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New head named for pharmacy practice at SDSU

An Idaho State clinical faculty member has been chosen to be the next head of pharmacy practice in the College of Pharmacy and Allied Health Professions at South Dakota State University.
Shanna O’Connor will begin March 1, in time to prepare for on-site accreditation visits later in the year. She replaces Jim Clem, who served as head of the Department of Pharmacy Practice since August 2007. Clem began serving as associate dean of student services June 22 while also filling his prior role on an interim basis.
O’Connor, who also is lead network facilitator and residency program director, has been at the post in Pocatello since June 2017.
Previous positions have been at the University of Arizona (July 2014-June 2017), the University of Washington (July 2012-June 2014) and the University of North Carolina, where she was a visiting professor in 2011-12. That followed a year of postgraduate training at UNC. Her first year of postgraduate residency was at Florida Hospital, Celebration Health.
O’Connor earned her Pharm.D. from the University of Wyoming in 2009 after completing her bachelor’s degree at St. Mary’s College, Notre Dame, Indiana, in 2004.
Majored in American history
Her training to enter pharmacy school was anything but ordinary. O’Connor wrote a paper on eugenics to complete her degree in American history. She also got a solid background in basic science at St. Mary’s by earning a minor in chemistry and serving as a teaching assistant in organic chemistry, chemistry for nursing and intro to chemistry as well as being a biology lab assistant.
Through heredity she is gifted in writing. Through environment, she has had a long-held interest in health care.
O’Connor grew up in Atlanta, where her father works in communications at the Centers for Disease Control and Prevention. “I babysat for some of the world’s leading disease experts,” O’Connor said. She stayed at home to complete her final pre-pharmacy, attending Emory University, where her mother was one of the associate deans of Emory’s School of Medicine.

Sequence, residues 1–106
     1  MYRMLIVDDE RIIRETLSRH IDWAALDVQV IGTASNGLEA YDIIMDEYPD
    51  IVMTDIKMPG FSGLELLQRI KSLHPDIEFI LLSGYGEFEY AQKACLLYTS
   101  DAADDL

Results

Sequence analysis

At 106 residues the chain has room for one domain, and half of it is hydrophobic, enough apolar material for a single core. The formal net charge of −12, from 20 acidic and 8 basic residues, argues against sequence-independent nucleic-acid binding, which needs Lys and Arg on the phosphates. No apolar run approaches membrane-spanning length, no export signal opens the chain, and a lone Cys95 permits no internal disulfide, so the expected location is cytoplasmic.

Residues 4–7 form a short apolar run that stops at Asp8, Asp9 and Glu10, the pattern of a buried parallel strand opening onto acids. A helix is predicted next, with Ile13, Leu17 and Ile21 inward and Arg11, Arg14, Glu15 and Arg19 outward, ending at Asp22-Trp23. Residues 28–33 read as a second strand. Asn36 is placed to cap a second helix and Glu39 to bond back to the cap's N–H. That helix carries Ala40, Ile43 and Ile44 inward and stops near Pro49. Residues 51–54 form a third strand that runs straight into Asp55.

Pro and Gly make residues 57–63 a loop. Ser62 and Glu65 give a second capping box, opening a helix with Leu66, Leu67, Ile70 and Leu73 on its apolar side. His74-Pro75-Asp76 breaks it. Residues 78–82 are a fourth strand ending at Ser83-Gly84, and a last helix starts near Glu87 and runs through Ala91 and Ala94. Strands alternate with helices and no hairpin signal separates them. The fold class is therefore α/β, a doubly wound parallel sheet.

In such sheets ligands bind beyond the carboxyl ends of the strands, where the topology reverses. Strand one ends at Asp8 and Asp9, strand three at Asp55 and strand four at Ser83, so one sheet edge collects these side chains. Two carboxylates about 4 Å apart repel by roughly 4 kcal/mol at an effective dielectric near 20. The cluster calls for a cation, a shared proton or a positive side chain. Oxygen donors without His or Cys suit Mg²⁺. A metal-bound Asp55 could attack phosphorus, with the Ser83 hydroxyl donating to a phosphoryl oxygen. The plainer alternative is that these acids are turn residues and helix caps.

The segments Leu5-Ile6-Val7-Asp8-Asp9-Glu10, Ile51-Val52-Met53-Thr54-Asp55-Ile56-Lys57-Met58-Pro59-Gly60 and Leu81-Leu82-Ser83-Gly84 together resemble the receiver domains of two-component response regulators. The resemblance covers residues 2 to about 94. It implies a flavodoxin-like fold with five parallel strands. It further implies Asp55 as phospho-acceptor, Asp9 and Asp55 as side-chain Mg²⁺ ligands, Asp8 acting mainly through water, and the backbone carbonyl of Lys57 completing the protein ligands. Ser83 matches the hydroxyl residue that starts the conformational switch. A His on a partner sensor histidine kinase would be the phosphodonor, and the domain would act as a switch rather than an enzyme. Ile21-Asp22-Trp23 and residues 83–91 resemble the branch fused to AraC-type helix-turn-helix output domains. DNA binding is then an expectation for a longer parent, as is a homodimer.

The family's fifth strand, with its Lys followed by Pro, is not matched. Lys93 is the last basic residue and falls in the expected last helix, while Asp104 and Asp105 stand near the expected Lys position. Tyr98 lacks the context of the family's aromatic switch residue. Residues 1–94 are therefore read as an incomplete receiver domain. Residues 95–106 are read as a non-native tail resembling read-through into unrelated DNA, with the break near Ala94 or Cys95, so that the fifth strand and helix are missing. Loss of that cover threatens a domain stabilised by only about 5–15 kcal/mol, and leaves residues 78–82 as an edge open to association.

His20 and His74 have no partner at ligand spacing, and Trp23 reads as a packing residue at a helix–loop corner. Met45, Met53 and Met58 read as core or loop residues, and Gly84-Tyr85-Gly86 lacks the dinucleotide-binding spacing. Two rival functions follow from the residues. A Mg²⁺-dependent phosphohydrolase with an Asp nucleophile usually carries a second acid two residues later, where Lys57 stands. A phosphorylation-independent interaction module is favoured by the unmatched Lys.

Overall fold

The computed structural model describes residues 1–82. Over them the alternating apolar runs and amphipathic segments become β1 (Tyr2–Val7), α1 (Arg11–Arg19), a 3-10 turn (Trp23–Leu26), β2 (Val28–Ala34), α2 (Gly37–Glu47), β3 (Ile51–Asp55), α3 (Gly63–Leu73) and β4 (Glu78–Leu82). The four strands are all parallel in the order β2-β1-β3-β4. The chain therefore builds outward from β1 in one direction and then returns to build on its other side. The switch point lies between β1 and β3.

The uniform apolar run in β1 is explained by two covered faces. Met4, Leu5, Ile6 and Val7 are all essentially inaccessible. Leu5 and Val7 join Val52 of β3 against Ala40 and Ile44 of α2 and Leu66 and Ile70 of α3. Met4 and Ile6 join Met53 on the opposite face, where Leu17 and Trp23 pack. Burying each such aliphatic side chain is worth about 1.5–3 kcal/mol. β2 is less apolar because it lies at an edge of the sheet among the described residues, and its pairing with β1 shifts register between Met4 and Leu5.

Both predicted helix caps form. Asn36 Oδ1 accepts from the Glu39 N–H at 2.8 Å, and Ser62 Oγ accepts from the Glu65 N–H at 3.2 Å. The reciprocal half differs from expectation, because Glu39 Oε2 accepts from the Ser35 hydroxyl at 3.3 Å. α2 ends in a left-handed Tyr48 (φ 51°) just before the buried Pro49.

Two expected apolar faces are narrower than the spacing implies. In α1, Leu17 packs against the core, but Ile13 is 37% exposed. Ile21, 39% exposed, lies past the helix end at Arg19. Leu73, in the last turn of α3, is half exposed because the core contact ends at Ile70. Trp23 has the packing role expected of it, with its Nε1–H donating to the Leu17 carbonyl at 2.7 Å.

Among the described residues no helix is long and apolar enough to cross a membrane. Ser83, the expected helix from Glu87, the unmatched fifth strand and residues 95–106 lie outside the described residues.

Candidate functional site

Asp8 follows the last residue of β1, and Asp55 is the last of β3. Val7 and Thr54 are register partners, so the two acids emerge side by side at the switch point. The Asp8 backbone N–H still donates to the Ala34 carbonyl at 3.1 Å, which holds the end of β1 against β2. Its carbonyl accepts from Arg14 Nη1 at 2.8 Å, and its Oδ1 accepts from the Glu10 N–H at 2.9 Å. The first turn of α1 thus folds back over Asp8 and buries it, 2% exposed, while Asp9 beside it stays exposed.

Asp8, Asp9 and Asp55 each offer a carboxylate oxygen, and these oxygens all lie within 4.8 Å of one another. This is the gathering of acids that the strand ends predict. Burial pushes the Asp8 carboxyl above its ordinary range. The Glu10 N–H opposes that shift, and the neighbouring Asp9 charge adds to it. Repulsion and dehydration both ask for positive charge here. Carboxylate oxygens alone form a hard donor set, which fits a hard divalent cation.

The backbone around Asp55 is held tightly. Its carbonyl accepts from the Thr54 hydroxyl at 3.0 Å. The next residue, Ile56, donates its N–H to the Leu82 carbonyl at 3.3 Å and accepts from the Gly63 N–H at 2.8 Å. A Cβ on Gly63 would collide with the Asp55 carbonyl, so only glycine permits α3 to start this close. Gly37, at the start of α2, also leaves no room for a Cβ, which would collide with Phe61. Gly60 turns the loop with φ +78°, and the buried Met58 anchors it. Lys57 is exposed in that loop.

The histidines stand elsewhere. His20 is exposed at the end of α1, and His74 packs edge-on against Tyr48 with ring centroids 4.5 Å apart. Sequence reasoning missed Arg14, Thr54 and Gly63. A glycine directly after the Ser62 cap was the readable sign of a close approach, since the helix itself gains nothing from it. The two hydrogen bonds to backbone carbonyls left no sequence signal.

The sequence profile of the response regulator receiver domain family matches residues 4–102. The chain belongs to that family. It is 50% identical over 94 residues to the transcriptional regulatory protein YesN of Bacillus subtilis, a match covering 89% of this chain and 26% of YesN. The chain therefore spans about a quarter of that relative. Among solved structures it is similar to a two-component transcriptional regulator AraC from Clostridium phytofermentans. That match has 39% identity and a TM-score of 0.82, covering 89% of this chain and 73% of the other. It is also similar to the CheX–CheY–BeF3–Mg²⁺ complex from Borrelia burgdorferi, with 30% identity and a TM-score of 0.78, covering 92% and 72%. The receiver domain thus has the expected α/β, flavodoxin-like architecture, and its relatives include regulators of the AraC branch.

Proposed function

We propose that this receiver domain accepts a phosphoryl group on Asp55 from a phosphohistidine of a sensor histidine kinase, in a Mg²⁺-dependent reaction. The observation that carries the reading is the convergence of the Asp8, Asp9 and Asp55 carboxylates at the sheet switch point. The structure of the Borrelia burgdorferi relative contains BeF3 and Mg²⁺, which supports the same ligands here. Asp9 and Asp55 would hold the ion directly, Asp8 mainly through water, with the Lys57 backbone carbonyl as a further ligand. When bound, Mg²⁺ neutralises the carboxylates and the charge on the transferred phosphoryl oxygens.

While at Emory in early 2004, she shadowed a pharmacist, a nurse and a doctor. “The pharmacist was the happiest,” O’Connor said.
The pharmacist had an HIV clinic at the Veterans Affairs Hospital in Atlanta. “I had never previously set foot behind a pharmacy counter,” she said. “What appealed to me was the pharmacist’s ability to help these patients and really contribute to team-based care.” Pharmacy also appealed to O’Connor because it offered the option of teaching and doing health research.
Introduced to West at Laramie
The Georgian opted for a change in climate and culture when she went to the University of Wyoming for pharmacy school. “Wyoming has a frontier-based pharmacy curriculum. The faculty at Wyoming seemed passionate about their students and creating pharmacists who could be the only health-care provider in their community,” she said.
O’Connor said that experience will serve her well in South Dakota, where providers and pharmacy practice educators are clustered on opposite sides of the state.
She also feels her years in Idaho will be useful because “Idaho has most advanced pharmacy practice laws in the nation. Pharmacists can prescribe for a wide range of disease states. With independent prescribing, you can operate at the level for which you have the training. Saying this is what I’m permitted to do versus this is what I’m trained to creates a different mentality for approaching practice.”
First assignment: Listen
But O’Connor, who will have her office in Sioux Falls, doesn’t plan to march into town and change things.
“My initial plan is to listen a lot. Listen to stakeholders, alumni, existing staff, faculty and students, the board of pharmacy and administration,” said O’Connor, who also plans to ask questions like “In 18 months to two years, what do you want to see? Are there little things that could get tweaked that would help with workload?”
She added that provider burnout is a major issue, not only for full-time health care givers but also for pharmacy practice educators who have dual roles.
At SDSU, almost all of the 22 pharmacy practice faculty in Brookings, Sioux Falls and Rapid City have a 50/50 split between teaching and practice.
“Having been in a 50-50 split, I know what it is like to have two bosses. You can feel like you’re expected to do 75 percent of both jobs. On the flip side, with everyone having the same arrangement, you always have someone who can provide mentorship and guidance through the challenges you’re facing,” O’Connor said.
Next step: Sell a house
One of the challenges O’Connor is facing is selling a house in Pocatello and buying a house in Sioux Falls in the middle of winter.
However, she said she was impressed with the region during her October job interview visit. “Sioux Falls is seeing a lot of growth and there are social and recreational activities that I’m looking forward to exploring.  I enjoy exploring local businesses and restaurants and supporting local arts. I’ve already learned that Sioux Falls has a strong arts community,” she said.
After O’Connor and her two dogs get established, she hopes to resume world traveling. Her bucket list includes Kenya and the Patagonia mountains.
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